Leonard's father, John, was a first-round pick of the Orioles in 1982, and Joe stepped into Pitt's starting lineup as a freshman. After two solid seasons, Leonard exploded as a junior this spring, hitting .452/.507/.719 with eight homers and 60 RBIs though 199 at-bats. The 6-foot-5, 220-pound Leonard has below-average game power currently, but he has shown good pop with wood bats in batting practice and projects for average power if he can add loft to his flat swing. His swing is long, making him vulnerable against good fastballs on the inner half, but he has good bat speed and feel for hitting, so he barrels up balls consistently. He projects as an average hitter. Leonard also reaches 92-93 mph off the mound as Pitt's closer, and his arm is above-average at third base. He is not a finished product defensively but has good feet and solid instincts, and he projects as a solid-average defender. He is a below-average runner but not a clogger. Leonard projects as a second- to third-round pick.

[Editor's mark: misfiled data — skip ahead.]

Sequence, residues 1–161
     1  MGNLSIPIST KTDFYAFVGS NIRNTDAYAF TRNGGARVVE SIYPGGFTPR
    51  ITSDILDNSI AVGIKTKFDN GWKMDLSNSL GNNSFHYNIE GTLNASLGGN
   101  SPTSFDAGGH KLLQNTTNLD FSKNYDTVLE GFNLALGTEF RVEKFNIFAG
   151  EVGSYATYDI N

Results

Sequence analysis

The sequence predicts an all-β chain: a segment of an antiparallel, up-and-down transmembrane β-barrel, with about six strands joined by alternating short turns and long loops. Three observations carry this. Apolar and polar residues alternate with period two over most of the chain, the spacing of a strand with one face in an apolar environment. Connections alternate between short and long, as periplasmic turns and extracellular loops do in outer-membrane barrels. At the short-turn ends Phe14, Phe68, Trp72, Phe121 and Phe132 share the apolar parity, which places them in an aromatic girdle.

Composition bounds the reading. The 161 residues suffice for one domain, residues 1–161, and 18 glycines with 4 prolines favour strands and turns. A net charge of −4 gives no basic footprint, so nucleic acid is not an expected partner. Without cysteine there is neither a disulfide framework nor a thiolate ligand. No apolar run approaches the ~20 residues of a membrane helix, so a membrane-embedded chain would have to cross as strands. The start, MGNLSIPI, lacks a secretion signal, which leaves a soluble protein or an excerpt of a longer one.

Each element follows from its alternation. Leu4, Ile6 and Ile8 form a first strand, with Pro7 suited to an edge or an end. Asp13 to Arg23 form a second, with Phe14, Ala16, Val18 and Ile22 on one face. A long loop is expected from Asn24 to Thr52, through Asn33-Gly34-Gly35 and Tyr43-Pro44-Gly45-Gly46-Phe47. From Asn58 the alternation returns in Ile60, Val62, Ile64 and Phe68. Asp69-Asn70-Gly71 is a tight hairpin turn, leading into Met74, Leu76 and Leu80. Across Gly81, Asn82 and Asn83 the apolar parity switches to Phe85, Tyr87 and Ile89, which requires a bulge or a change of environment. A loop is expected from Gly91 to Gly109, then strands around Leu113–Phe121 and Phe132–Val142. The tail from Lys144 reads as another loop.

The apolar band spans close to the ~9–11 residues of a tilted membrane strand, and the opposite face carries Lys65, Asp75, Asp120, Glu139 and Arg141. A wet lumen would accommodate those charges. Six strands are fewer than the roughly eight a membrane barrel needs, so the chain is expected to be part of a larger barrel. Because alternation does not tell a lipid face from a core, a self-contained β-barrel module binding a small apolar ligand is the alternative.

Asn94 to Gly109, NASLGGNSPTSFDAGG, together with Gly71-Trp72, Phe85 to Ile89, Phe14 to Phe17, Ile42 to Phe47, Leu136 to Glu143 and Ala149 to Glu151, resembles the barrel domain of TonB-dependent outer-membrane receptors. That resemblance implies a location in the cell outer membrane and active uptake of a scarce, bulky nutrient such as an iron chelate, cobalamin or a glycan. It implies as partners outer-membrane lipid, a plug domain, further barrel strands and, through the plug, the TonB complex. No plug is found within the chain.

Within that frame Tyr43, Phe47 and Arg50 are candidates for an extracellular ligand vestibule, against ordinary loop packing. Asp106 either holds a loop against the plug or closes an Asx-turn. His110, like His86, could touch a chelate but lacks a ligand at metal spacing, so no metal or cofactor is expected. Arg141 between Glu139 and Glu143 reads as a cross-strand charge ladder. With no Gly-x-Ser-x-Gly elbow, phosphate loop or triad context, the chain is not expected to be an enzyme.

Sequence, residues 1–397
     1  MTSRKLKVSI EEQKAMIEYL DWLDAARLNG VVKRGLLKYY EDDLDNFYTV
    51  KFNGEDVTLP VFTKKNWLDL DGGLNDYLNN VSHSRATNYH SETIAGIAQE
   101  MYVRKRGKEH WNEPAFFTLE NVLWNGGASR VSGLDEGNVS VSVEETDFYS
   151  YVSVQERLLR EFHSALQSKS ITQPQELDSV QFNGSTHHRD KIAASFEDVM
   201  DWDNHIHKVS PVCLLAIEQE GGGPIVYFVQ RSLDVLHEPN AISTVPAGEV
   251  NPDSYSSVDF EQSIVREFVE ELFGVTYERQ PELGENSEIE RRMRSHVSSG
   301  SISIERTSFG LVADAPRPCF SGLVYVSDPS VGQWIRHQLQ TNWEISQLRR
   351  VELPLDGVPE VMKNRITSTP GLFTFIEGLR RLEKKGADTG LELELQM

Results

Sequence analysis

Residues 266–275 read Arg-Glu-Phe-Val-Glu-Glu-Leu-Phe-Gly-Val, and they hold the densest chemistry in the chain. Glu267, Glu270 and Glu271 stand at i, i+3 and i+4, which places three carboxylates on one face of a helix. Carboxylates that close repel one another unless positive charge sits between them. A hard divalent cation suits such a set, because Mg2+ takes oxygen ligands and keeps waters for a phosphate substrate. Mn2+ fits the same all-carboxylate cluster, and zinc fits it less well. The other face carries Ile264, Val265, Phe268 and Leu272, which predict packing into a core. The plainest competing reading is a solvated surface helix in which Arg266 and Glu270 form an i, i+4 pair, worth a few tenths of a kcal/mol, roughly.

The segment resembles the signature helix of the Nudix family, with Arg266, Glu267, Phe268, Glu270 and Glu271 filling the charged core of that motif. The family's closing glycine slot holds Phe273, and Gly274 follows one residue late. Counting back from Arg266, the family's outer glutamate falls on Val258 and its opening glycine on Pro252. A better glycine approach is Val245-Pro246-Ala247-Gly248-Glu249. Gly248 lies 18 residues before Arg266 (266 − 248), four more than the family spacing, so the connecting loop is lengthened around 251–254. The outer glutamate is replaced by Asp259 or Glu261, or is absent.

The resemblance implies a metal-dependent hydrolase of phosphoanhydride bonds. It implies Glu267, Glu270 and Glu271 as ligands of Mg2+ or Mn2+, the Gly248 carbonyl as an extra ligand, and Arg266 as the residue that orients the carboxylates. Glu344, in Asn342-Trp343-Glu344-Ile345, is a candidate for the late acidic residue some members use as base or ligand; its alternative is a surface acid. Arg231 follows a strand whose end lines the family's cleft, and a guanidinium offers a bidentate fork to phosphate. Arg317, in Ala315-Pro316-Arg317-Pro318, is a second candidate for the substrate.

Sean Coyle, ss
Germantown Academy, Fort Washington, Pa.

Coyle's older brother Tommy was North Carolina's starting second baseman as a freshman this spring, and Sean will join him in Chapel Hill next year unless a major league club opens up its checkbook. Coyle is undersized at 5-foot-8, 175 pounds, but the consensus among scouts is that he has a legitimate chance to be an everyday big league second baseman in the Brian Roberts mold. He played shortstop for Germantown Academy and spent some time at DH this spring because of a mild forearm strain. Coyle might not be tall, but he has plenty of strength in his compact righthanded swing, and he makes consistent, hard contact to all fields, though he projects for below-average power. He has above-average speed and is aggressive on the basepaths. Coyle has sure hands and good infield instincts, and he should have solid-average range and arm strength at second base. He is a confident, competitive grinder who gets the most out of his quality tools.

Jesse Biddle, lhp
Germantown Friends HS, Philadelphia